Lecture 007

Predictive Parsing

Predictive Parsing: recursive-descent but parser can "predict" which production rule to use

LL(k) grammar: left-to-write parsing, left-most derivation, look ahead k tokens.

Predictive parser accept LL(k) grammar. In practice, we only use k = 1.

Predictive Parsing is just a grammar rewrite so that we always know which rule to apply:

  E -> T + E | T
  T -> int | int * T | (E)

  E -> TE'
  E' -> +E | epsilon
  T -> int T' | (E)
  T' -> epsilon | * T

Parse Table

We would like to have a look up table, taking a terminal or non-terminal and a token, tell us what rules to apply.

For example, we would like to have the table of the following:

int * + ( ) $
X +E eps eps
T int Y (E)
Y * T eps eps eps

Example Parsing Using Parse Table

Example Parsing Using Parse Table

But how can we generate the table?

We populates T[A, t] = alpha in two cases:

First Set

First Set: given a string X (mix of terminor or non-terminal), then the first set (which contains some terminals or epsilon) is:

\text{First}(X) = \{t | X \to^* t\alpha\} \cup \{\epsilon | X \to^* \epsilon\}

Intuitively, first set tells you what a string of code can be parsed from.

Algorithm Sketch:

Example: give the first set for the grammar below:

E -> TX
T -> (E) |  int Y
X -> + E | eps
Y -> * T | eps

Firstly, the first set of terminals is their singleton set:

First(+) = {+}
First(*) = {*}
First(()) = {()}
First()) = {)}
First(int) = {int}

The first set of non-terminal contains the first set of first character:

First(E) contains First(T)
First(T) contains First(() and First(int) = {(, int}

Now since First(T) does not have eps, we should not add First(X) to First(E).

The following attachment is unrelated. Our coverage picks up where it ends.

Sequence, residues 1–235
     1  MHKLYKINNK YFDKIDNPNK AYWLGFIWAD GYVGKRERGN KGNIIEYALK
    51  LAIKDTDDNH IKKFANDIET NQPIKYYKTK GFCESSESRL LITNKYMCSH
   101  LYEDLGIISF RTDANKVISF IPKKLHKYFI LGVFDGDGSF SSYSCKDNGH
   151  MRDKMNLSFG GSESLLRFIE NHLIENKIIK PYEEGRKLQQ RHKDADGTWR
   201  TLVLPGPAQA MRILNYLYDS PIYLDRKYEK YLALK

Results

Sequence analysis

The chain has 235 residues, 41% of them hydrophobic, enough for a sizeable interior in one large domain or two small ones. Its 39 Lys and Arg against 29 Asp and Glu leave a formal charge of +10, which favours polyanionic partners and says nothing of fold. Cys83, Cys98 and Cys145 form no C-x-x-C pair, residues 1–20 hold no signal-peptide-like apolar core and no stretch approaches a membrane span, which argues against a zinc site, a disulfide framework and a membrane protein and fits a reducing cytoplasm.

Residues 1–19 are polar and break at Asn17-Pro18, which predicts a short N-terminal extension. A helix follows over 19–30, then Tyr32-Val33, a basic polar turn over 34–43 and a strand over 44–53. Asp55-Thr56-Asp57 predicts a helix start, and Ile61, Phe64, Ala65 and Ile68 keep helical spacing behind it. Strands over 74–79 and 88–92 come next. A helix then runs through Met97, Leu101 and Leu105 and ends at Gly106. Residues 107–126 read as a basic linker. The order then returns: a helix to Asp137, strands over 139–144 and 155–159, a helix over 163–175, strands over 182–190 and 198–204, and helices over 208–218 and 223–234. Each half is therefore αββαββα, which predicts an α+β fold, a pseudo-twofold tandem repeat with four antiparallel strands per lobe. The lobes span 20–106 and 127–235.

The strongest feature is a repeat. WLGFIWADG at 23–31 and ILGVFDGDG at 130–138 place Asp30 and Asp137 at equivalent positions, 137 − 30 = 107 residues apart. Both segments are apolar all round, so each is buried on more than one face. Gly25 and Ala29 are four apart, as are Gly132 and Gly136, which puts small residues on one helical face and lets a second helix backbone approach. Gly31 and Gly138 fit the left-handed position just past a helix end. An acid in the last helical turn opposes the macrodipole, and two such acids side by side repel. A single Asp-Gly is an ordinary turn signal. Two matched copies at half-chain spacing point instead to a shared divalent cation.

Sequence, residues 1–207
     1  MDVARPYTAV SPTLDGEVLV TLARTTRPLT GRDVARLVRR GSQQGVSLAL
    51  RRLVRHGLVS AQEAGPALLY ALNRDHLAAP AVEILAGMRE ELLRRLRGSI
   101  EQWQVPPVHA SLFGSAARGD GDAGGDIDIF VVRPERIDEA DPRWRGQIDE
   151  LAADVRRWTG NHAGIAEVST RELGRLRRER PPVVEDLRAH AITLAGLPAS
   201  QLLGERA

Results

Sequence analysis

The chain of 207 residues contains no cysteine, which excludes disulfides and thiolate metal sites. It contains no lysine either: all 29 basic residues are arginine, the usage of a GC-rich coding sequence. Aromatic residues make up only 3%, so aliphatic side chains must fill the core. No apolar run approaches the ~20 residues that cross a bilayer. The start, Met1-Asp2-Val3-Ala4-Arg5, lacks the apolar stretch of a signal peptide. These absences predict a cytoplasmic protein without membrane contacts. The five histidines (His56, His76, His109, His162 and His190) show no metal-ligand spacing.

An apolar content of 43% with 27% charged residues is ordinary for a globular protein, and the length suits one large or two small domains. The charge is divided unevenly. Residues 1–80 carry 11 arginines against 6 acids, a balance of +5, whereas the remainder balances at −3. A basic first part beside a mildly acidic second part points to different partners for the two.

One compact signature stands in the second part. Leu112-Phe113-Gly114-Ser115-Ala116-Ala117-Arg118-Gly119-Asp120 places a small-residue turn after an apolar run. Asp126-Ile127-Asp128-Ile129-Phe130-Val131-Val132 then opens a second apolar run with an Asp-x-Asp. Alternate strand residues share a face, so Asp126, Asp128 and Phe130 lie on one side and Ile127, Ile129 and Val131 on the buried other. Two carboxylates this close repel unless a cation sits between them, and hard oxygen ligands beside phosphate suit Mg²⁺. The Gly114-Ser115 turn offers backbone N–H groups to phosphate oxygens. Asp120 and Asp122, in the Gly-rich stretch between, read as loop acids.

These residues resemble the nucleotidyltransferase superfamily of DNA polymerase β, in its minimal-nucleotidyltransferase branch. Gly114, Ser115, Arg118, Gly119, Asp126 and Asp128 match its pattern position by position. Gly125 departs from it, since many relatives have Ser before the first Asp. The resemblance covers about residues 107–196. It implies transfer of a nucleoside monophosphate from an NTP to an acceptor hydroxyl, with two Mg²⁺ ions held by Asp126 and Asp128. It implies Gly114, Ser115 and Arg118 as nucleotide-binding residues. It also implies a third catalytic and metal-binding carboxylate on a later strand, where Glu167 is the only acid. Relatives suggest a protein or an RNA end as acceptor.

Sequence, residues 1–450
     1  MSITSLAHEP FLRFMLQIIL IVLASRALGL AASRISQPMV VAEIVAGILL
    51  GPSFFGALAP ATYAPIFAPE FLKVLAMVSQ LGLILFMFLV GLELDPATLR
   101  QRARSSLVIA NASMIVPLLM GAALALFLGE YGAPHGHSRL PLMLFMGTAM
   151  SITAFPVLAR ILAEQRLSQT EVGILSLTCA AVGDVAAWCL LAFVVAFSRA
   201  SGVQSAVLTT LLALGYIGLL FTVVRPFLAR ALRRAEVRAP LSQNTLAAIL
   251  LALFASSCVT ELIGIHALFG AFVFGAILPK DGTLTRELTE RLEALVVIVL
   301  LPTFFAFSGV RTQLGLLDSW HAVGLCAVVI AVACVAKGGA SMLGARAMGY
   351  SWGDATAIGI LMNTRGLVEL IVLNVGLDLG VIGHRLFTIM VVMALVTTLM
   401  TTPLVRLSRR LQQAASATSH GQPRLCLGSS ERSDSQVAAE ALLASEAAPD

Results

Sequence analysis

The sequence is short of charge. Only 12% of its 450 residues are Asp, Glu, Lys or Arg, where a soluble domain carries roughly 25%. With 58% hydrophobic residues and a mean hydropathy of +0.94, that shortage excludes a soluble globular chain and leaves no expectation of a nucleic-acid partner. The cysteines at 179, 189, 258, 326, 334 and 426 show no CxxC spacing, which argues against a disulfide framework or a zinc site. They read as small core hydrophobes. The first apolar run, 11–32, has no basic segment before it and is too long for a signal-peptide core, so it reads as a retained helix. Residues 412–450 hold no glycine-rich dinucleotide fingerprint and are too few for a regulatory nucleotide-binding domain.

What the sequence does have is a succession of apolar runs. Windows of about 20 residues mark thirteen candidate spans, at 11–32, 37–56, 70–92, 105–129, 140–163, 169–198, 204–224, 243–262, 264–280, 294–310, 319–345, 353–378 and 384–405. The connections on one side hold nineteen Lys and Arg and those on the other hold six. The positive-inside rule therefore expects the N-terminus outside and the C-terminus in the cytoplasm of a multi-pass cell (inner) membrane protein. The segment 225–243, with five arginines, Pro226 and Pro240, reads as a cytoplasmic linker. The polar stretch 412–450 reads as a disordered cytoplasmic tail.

So First(E) = First(T) = {(, int}

First(X) = {+, eps}
First(Y) = {*, eps}

Follow Set

Follow Set: what token can follow S

\text{Follow}(X) = \{t | S \to^* \beta X t \delta\}


Algorithm Sketch

Follow Set Example

Follow Set Example

Parsing Table Construction

For each production rule A \to \alpha, do:

Parsing Table Building Example

Parsing Table Building Example

Note that LL(1) parsing table can only be built for LL(1) grammar.

Example of non-LL(1) invalid Parsing Table

Example of non-LL(1) invalid Parsing Table

The only mechanical way to check for LL(1) grammar is to build the parsing table. (although quick checks includes: non-ambiguous, non-left-recursive, non-left-factored, and more)

LL(1) grammar is too weak to describe modern languages.

Bottom-Up Parsing

Bottom-up Parsing is the preferred method, can be just as efficient. It is more general than (deterministic) top-down parsing.

Bottom-up Parsing: reduces a string to the starting symbol by inverting production rules. (reduction)

Bottom-up parser traces a rightmost derivation in reverse.

Bottom-up Parse Tree

Bottom-up Parse Tree

Note that we try to expand right most derivation (e.g. we choose to parse E first in T + E)

Shift-Reduce Parsing

Consequence of right-most derivation: when you see \alpha \beta \omega, then if the next production rule to apply reversely is X \to \beta, then we know \omega must be a terminal.

So we can let the \omega be terminal come from the input steam of tokens!

Shift: add a token from the token steam to our working set from the right hand side.

Reduce: reversely apply production rule to the left hand side.

Example of Shift-Reduce Parsing

Example of Shift-Reduce Parsing

How do we know when and where to shift and reduce?

Shift-reduce Conflict: when the parse is free to choose either do shift or do reduce in the next round. (almost expected)

Reduce-reduce Conflict: when the parser is possible to perform more than one possible reduce rules, indicating the grammar is bad.

Shift pushes a terminal onto stack. Reduce pop 0 or more symbols off the stack and push produced symbols on the stack.

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